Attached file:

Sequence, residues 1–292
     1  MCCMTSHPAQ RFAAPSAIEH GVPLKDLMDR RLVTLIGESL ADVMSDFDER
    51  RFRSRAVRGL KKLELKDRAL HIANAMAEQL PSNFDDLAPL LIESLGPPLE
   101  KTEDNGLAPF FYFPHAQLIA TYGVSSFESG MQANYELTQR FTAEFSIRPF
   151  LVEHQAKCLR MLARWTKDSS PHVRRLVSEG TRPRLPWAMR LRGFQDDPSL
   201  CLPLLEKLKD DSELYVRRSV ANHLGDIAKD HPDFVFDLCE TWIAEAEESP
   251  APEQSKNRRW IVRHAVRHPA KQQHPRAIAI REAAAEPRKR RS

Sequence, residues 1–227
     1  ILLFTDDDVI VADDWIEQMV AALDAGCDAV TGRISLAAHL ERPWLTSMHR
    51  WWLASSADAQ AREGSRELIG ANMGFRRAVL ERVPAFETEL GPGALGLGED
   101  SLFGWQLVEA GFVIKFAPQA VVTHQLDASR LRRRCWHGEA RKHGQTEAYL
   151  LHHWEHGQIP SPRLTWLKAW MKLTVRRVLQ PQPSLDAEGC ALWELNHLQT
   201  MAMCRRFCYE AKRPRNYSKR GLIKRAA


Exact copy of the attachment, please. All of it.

Sequence, residues 1–292
     1  MCCMTSHPAQ RFAAPSAIEH GVPLKDLMDR RLVTLIGESL ADVMSDFDER
    51  RFRSRAVRGL KKLELKDRAL HIANAMAEQL PSNFDDLAPL LIESLGPPLE
   101  KTEDNGLAPF FYFPHAQLIA TYGVSSFESG MQANYELTQR FTAEFSIRPF
   151  LVEHQAKCLR MLARWTKDSS PHVRRLVSEG TRPRLPWAMR LRGFQDDPSL
   201  CLPLLEKLKD DSELYVRRSV ANHLGDIAKD HPDFVFDLCE TWIAEAEESP
   251  APEQSKNRRW IVRHAVRHPA KQQHPRAIAI REAAAEPRKR RS

Sequence, residues 1–227
     1  ILLFTDDDVI VADDWIEQMV AALDAGCDAV TGRISLAAHL ERPWLTSMHR
    51  WWLASSADAQ AREGSRELIG ANMGFRRAVL ERVPAFETEL GPGALGLGED
   101  SLFGWQLVEA GFVIKFAPQA VVTHQLDASR LRRRCWHGEA RKHGQTEAYL
   151  LHHWEHGQIP SPRLTWLKAW MKLTVRRVLQ PQPSLDAEGC ALWELNHLQT
   201  MAMCRRFCYE AKRPRNYSKR GLIKRAA